The core can be made from any suitable inorganic cementitious material such as magnesium oxide cements, perlite or other light weight aggregates e.g., perlite or vermiculite or pumice, bonded by silicates, aluminum silicate cements, Portland cement, etc. In such case, the core preferably has between 0.05% and 0.8% by weight of glass monofilaments, and most preferably approximately 0.20%.
The paper that is made using the glass monofilaments will have the monofilaments extending between its opposite major surfaces. Wallboards so made therefore have glass monofilaments running through substantially all pores and pockets of water through the layers of paper to the external surfaces where evaporation takes place. As water evaporates from the exposed glass surfaces on the surfaces of the paper, it is replaced by water spreading along the monofilaments from the internal pockets of water in the center of the gypsum.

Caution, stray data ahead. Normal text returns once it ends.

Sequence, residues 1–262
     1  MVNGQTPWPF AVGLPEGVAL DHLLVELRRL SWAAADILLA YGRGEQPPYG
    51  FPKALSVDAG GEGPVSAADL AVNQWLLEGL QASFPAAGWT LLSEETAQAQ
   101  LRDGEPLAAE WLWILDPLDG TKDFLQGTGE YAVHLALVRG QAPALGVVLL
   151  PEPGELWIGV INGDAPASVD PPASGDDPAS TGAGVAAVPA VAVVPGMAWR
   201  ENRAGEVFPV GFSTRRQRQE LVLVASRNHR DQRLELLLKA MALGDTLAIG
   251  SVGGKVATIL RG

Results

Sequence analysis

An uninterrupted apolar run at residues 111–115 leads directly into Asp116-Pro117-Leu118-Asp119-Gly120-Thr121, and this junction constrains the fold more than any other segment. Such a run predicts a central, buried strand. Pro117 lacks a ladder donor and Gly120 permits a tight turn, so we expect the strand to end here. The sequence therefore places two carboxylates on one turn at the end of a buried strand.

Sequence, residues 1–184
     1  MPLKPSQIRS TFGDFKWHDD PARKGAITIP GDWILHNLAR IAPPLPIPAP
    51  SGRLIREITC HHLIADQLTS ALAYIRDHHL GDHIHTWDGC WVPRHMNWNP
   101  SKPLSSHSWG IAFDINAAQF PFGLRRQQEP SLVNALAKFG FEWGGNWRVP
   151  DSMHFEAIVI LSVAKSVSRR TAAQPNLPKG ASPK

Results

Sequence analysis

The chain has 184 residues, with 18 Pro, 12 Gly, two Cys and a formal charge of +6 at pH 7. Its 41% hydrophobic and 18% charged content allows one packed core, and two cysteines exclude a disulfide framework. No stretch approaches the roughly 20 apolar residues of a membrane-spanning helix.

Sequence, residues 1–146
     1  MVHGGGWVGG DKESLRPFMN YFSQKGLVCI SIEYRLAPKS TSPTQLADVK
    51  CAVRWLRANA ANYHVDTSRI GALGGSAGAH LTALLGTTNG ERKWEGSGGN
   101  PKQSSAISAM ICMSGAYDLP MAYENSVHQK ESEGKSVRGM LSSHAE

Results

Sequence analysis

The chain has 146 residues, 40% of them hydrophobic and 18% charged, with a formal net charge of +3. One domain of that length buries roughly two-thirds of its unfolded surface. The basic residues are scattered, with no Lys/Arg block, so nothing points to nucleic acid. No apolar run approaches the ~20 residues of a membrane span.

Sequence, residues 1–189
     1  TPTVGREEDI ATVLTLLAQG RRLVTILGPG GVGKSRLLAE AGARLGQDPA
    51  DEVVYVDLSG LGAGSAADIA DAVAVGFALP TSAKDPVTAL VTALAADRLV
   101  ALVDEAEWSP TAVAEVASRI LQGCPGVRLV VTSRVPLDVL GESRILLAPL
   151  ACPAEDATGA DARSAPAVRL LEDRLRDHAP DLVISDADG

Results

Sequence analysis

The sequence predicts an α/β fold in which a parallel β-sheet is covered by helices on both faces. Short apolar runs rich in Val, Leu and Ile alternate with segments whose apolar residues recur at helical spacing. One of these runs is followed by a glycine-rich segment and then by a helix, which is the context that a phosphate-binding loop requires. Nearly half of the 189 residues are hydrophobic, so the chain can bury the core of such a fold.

By using the present invention, the temperatures of the prior art ovens do not have to be increased, and still a substantial increase, e.g. 10-20%, in drying rate is realized. This means that the rate of movement of the conveyors of the wallboard making machinery can be speeded up to give a significant increase in production.
While the invention has been described in considerable detail, I do not wish to be limited to the particular embodiments shown and described; it is my intention to cover hereby, all novel adaptations, modifications, and arrangements thereof which come within the practice of those skilled in the art to which the invention relates.